I had a Twitter account for almost five years. I started tweeting in 2009 and I managed to have more than 14000 tweets within the span of five years. That’s 233 tweets per month and that’s an average of seven tweets per day! I remember tweeting 20 to 30 tweets per day while I was in high school. That many tweets may seem ordinary to some people or even “not enough” for people like Perez Hilton, but it sure is a lot to me as I did not only spend time summarizing my thoughts into 140 words, but I also made sure my tweets sounded “cool” before I click “tweet”. There are moments after I clicked “tweet,” and noticed a typo one second later, I would immediately delete that tweet and retype. I would even save it to “drafts,” and alter it again and again until I think it’s good to go. That’s one period of COMM 200 right there. I managed to gain 400 followers, which is enough to make me feel like a celebrity back in the day. Not only did I feel connected, I felt famous!
One thing that I love about Twitter is it connects million of people within the Internet, and the fact that people “follow” you mostly because they love what you have to say in less than 140 words makes it so fascinating! It makes me feel connected to so people at once, and it makes me feel like Ms-Know-It-All. According to Julian Dibbell’s Future of Social Media: Is a Tweet the New Size of a thought? “By forcing users to commit their thinking to the bite-size form of the public tweet, Twitter may be giving a powerfully productive new life to a hitherto underexploited quantum of thought: The random, fleeting observation.” Reading tweets are like reading the synopsis of a movie. Everything is summarized- a two hour-long movie could easily be understood in less than 140 words.
David Mitchell, the award-winning author of Cloud Atlas published his latest short story on Twitter. (http://www.theguardian.com/books/2014/jul/14/david-mitchell-publishes-short-story-twitter) The author submits to twitter straitjacket for 280-tweet tale of boy tripping on Valium.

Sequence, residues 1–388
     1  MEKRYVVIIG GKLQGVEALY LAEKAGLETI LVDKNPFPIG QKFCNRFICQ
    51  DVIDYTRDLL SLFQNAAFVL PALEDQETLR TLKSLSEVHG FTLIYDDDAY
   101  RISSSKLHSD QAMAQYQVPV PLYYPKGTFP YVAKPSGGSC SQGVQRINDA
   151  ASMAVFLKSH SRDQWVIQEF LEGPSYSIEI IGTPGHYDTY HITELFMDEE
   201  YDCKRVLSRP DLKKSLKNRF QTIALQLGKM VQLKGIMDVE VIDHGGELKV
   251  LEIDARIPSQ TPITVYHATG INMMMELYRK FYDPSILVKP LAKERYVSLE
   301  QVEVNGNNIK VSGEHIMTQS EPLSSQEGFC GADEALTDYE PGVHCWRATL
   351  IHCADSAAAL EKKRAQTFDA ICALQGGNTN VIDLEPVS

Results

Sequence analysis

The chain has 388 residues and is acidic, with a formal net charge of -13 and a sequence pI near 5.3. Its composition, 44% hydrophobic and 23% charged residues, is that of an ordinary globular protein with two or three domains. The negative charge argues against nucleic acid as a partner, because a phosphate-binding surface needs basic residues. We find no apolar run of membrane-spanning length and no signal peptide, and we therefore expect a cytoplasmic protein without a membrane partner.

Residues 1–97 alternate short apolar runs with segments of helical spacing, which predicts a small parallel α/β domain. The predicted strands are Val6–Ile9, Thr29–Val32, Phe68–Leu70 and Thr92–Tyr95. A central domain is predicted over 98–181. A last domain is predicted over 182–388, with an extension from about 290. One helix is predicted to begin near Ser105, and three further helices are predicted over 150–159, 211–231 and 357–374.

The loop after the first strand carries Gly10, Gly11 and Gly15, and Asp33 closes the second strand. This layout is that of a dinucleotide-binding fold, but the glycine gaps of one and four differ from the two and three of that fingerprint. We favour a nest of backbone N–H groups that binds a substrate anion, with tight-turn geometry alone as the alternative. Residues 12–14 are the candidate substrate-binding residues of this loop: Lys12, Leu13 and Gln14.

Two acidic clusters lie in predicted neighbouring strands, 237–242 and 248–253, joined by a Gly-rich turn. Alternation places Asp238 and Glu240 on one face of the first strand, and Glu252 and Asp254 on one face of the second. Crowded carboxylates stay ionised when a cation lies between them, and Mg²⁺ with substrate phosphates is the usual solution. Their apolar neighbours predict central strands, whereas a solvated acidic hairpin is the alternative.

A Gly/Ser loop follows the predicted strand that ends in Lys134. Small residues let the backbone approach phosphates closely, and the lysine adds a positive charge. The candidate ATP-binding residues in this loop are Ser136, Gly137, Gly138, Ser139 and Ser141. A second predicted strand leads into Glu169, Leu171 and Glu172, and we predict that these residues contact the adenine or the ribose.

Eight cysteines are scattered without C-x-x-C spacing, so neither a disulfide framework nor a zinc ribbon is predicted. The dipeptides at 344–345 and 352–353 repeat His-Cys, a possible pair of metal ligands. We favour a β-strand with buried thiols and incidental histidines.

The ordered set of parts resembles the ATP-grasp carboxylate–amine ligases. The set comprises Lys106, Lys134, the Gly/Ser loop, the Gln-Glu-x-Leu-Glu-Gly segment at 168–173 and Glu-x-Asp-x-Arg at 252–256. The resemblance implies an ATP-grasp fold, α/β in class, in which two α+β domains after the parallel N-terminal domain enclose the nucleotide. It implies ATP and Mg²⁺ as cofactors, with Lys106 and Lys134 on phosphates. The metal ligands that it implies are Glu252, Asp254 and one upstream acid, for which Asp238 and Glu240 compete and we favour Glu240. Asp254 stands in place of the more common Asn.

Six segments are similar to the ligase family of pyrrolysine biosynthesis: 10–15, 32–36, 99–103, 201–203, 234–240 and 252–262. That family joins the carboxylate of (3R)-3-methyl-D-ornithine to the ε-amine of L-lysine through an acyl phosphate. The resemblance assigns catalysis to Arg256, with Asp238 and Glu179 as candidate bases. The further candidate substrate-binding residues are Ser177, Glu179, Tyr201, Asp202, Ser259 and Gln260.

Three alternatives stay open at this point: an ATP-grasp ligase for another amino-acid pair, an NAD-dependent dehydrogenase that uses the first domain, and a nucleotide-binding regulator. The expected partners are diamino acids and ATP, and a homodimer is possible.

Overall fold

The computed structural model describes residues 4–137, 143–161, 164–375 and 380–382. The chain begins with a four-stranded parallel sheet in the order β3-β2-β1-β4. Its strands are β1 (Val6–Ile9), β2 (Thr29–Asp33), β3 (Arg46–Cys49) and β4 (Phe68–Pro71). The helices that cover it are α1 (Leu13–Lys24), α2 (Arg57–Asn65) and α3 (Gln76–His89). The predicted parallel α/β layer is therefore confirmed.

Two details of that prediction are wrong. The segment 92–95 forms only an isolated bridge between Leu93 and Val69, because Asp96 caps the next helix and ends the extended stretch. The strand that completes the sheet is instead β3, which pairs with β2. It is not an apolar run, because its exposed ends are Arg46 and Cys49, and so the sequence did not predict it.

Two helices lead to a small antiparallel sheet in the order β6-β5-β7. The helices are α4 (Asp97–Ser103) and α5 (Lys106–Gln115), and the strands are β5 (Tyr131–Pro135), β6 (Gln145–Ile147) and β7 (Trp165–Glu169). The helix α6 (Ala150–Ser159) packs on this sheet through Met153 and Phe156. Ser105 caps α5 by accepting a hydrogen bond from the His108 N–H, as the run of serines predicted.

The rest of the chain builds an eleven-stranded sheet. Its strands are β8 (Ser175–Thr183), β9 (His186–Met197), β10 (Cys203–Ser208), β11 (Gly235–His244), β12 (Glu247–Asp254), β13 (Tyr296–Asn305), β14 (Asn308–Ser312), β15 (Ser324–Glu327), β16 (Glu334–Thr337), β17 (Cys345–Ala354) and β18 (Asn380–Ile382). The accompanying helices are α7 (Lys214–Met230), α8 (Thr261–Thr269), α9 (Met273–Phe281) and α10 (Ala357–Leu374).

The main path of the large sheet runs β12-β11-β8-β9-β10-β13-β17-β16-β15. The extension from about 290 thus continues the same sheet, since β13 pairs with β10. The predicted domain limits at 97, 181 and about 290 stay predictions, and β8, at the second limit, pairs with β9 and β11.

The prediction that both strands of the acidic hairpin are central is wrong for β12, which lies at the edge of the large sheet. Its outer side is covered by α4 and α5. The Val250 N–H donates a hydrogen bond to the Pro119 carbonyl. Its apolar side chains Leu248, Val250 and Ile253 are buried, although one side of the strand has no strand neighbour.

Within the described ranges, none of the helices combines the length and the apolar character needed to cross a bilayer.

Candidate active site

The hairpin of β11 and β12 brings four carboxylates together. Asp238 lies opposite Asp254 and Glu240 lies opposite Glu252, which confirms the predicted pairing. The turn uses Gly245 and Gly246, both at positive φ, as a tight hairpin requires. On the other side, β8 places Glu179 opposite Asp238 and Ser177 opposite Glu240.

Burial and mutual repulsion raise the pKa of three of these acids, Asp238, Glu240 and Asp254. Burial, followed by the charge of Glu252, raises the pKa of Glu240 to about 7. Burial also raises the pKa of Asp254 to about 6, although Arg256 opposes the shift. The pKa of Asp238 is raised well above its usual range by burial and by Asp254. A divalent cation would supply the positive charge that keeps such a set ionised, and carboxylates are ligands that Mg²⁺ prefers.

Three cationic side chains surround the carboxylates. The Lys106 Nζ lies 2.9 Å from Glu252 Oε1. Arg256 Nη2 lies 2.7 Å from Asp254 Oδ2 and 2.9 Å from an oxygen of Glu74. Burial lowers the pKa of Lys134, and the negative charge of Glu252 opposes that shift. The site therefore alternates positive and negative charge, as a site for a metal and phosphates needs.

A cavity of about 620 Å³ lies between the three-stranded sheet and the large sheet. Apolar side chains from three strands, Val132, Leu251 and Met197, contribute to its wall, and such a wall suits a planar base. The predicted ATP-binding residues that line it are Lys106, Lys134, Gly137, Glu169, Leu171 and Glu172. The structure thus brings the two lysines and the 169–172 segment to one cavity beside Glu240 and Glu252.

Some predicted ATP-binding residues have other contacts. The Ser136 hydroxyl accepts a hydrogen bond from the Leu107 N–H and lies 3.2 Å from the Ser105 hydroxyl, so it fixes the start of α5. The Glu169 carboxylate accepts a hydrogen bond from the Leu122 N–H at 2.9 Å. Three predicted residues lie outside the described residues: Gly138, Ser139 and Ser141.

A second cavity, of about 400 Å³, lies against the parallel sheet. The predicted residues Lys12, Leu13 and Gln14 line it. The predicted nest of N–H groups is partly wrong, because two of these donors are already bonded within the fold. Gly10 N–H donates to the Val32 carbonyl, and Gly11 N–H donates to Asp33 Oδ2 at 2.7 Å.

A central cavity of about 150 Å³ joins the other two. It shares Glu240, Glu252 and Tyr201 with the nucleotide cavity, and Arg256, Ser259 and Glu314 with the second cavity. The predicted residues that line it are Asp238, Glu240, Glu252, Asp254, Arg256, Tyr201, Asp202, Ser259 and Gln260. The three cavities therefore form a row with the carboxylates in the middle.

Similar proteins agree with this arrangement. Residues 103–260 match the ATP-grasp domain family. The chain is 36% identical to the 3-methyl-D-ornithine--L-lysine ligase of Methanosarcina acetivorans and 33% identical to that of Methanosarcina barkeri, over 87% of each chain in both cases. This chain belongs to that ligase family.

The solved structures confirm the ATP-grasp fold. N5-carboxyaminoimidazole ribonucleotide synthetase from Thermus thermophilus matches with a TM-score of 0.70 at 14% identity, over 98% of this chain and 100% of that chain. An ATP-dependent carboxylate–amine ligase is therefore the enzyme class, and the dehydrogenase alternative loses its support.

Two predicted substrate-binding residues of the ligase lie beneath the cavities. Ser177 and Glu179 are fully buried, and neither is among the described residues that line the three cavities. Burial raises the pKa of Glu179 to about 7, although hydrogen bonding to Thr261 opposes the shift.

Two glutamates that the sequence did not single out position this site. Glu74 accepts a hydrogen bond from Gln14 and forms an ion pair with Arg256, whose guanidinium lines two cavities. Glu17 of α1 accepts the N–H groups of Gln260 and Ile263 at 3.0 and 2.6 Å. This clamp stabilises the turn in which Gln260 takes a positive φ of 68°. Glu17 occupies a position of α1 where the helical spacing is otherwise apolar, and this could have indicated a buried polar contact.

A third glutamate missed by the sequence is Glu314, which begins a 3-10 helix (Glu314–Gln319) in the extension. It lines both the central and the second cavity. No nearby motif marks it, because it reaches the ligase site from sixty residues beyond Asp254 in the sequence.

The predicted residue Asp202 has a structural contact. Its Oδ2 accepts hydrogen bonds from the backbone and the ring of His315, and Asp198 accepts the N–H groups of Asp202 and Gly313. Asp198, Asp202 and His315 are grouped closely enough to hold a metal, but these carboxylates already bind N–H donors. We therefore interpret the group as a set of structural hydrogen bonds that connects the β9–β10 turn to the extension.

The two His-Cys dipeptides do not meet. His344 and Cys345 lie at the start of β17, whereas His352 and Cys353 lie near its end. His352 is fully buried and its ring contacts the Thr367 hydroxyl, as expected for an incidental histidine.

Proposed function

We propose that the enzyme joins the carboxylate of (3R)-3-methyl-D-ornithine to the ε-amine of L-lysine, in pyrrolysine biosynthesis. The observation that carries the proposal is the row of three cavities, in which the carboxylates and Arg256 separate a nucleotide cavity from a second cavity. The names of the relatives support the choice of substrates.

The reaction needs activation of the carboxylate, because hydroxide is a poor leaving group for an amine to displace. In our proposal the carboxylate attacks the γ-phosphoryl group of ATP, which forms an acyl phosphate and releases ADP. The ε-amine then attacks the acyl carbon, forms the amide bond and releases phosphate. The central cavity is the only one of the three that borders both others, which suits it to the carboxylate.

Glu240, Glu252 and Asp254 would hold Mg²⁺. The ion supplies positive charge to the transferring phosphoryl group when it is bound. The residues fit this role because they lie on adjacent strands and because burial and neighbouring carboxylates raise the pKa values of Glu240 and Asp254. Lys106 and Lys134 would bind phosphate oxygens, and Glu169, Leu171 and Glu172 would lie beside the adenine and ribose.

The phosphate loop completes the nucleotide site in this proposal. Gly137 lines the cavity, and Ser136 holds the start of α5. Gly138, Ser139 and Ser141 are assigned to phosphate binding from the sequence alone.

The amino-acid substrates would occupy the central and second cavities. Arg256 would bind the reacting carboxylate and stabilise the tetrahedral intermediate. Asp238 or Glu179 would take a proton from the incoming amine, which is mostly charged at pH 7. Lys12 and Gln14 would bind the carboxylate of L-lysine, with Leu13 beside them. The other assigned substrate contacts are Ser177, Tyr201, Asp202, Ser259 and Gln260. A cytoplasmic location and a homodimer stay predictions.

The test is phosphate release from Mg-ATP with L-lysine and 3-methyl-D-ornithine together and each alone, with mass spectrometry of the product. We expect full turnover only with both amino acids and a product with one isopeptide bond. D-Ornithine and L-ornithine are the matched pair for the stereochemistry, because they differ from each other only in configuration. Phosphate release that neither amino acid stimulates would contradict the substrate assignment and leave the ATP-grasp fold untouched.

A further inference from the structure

Furthermore, according to David Silver’s blog post The Difference Between Thin and Thick Tweets, “Thin tweets are thin tweets are posts that convey one layer of information. Thick tweets convey two or more, often with help from a hyperlink.” Just like the saying, “A picture is worth a thousand words,” a thick tweet (less than 140 words) worth a thousand words too.A thin tweet, however, contains just one piece of information, and it is widely use by twitterers or former twitterers like myself. 70 percent of my tweets were of thin tweets, and it took me five years to realize that not everybody gives a s**t if I had bacons for breakfast or if I had a bad hair day. Twitter can be VERY useful if people use it right, but not for me… at least not now. I deleted my Twitter account at the beginning of this year because I felt it was taking over my everyday life. However, I made a new account just for this… Let’s see how it goes!
-Do you have a Twitter account? If yes, do you find it productive? If no, why not?
-Do you think that you can get a message across with just one tweet? If no, why?
-This is me being really curious… If you have a Twitter account, and are constantly posting thin tweets like “Having a bad day!” “Love this dress!! #fashion #topshop (Inserts picture)” etc. Do you think you’re being productive/informative to the Twitter community or at least to your followers?
By Cheryl Joseph